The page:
Negative news on the Scilly Caspian Stonechat laid to rest any hopes that it might overwinter on the archipelago, and there was again no sign of the Pacific Diver in Cornwall — though a probable was reported sporadically off Worthing (W Sussex) on 8th–10th. New in was a Pied-billed Grebe at Balranald, North Uist (Outer Hebrides) from 6th, continuing the pulse of records in recent years. Meanwhile, in Lancashire, the drake Baikal Teal continued to perform well with Wigeon either on Crossens Outer Marsh or Marshside reserve throughout the week.
A small Barnacle Goose flock near Doonbeg (Clare) contained one Todd's and two Richardson's Canada Geese, no less. Black Brant reports came from Cumbria, Suffolk, Essex, Dorset (2+) and County Sligo, while four Snow Geese included the two birds still in Argyll, the blue morph at Mains of Ballindarg (Perth/Kinross) on 4th and the white morph at Carrahane Strand (Kerry).
County Mayo's Black Duck was once again reported — alongside hybrids — on Achill Island on 8th. Just two American Wigeon were also in the Emerald Isle: drakes still at Lough Neagh (Armagh) on 7th and Tullaghan (Leitrim) on 8th. A female Blue-winged Teal graced North Ronaldsay (Orkney) on 5th–8th, with one of the week's eleven Green-winged Teal also seen on the island. Scotland bagged a total of six Green-wings, with others in Aberdeenshire, Perth/Kinross (2), Fife and Dumfries & Galloway, while two at Tacumshin (Wexford) were the only Irish records. Drakes were also in Rutland, Somerset and Norfolk.
Just three Lesser Scaup were reported this week: females still at Kilaulay (North Uist) and Ballyconneely (Galway), and the drake still at Cardiff Bay (Glamorgan). A drake Ring-necked Duck was on Achill Island (Mayo) on 8th, the only other reported being the drake on Lough Leane (Kerry). The drake King Eider was relocated off Nairn (Moray/Nairn), while two drake Surf Scoters north past Winterton (Norfolk) on 4th were the pick of the records of that species — twos were still off Morfa Bychan (Gwynedd) and Llanddulas (Conwy), and the juvenile remained in Brand's Bay (Dorset) to at least 7th.
A somewhat unseasonable record of White Stork concerned a flyover at West Marden (W Sussex) on 6th. The Buckinghamshire Cattle Egret continued to roost at Calvert Lakes, though its daytime haunts were discovered near Steeple Claydon on 7th — others were seen in Kent and Norfolk. A typical scattering of Great White Egrets included three still at Pitsford Reservoir (Northants), two still at Hornsea Mere (E Yorks) and several in the Dungeness area of Kent. There appeared to be another minor influx of Glossy Ibis this week: one was on St Mary's (Scilly) on 7th–8th, two were on the Hayle Estuary (Cornwall) on 8th–9th and further brief singletons were noted in the county at Marazion, St Merryn and Helston Loe Pool. Further new individuals were at Ballycotton (Cork) on 7th and St Florence (Pembrokeshire) on 10th, with records also coming from Kent, Norfolk and Gloucestershire.
A white-morph Gyr Falcon was seen a couple of times at Clahane Strand (Clare) on 4th, while what is presumably the same wandering Kentish Black Kite was reported over Samphire Hoe on 4th and Sandwich Bay on 6th. At least one Rough-legged Buzzard was back at Haddiscoe Marshes (Norfolk) from 7th, with further reports from Cleveland, Suffolk and Essex.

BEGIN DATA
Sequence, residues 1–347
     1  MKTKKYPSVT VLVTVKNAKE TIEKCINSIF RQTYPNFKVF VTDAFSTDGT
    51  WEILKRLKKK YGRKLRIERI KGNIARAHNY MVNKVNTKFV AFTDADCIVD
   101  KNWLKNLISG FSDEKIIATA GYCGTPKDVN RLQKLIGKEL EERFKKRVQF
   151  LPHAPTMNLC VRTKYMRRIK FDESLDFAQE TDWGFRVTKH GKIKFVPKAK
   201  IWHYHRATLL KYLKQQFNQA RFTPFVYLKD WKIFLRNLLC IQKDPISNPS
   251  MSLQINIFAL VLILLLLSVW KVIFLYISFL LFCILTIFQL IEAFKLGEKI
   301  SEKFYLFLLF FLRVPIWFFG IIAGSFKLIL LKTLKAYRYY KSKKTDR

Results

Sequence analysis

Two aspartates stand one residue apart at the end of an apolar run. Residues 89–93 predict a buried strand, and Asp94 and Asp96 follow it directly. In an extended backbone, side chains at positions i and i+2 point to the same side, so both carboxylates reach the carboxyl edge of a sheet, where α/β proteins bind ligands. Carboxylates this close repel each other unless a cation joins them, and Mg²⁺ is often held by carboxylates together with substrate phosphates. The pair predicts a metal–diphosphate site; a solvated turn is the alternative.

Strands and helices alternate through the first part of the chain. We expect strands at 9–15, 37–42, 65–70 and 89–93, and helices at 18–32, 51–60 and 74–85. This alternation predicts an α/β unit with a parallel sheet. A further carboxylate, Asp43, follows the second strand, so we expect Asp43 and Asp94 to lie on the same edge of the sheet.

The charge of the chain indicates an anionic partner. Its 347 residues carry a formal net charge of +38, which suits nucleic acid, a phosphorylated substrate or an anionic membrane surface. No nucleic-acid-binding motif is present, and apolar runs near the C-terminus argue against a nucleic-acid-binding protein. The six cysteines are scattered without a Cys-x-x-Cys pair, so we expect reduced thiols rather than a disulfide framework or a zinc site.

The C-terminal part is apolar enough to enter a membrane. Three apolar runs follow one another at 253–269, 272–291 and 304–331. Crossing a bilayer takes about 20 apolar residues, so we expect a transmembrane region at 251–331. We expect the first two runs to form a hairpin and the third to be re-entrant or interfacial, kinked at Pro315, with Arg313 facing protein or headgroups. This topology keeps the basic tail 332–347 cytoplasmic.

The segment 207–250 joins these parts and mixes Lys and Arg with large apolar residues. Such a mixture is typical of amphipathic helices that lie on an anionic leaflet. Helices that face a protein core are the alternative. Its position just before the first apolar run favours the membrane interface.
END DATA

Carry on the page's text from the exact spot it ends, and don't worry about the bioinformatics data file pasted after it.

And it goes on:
Familiar faces were the continuing Bonaparte's Gull at Dawlish (Devon) and the Forster's Tern at Nimmo's Pier (Galway); 15 Ring-billed Gulls included an improved six reported from around Britain. In Dorset, a brief first-winter was at Swineham Gravel Pits on 8th and an adult was at Radipole Lake on 10th. A first-winter was reported from North Uist, a brief adult was in Doonfoot (Ayrshire) on 7th and long-stayers remained in Highland and Hampshire. In Ireland, the only multiple occurrences again came from Tralee (Kerry) and Nimmo's Pier (Galway). Meanwhile, a reasonable start to December for white-winged gull records — no doubt influenced by the week's stormy weather — saw Glaucous and Iceland Gull records widespread from Shetland south to Sussex. However, the only Kumlien's Gull reported was the returning second-winter in East Yorkshire.
A Hoopoe in Abergele (Conwy) from 8th was a significant midwinter record in itself, but was topped by remarkable news of a Melodious Warbler in Winspit Valley (Dorset) from 6th onwards. A little more expected at this time of year are Hume's Leaf Warblers, and the Lincolnshire bird was still at Gibraltar Point on 4th and another was in a private garden in north Northamptonshire on 6th–10th. Up to ten Yellow-browed Warblers included up to three on St Mary's (Scilly), with others in Cornwall and Dorset. The Rose-coloured Starling continued in Caister (Norfolk) all week, and two Serins were on Scilly.
A flock of 13 Parrot Crossbills was discovered at Budby Common (Notts) on 8th, rising to 14 by 10th. Ten were at Mayday Farm (Suffolk) on 8th, with two still there the following day. Two were in the Goyt Valley (Derbys) on 6th, a dozen at Holt (Norfolk) on 4th had declined to nine by 8th, and at least one remained in Hemsted Forest (Kent). Seventeen Two-barred Crossbills were again in the Forest of Dean at Serridge Ridge (Glos) on 10th, with up to nine again at Broomhead Reservoir (S Yorks), four in the Wyre Forest (Shropshire) and singles still at Lynford Arboretum (Norfolk), Leith Hill Wood (Surrey) and Hemsted Forest (Kent).
If you are fortunate enough to encounter anything of interest, or if you have travelled to see one of the birds mentioned on our Bird News Extra page, please: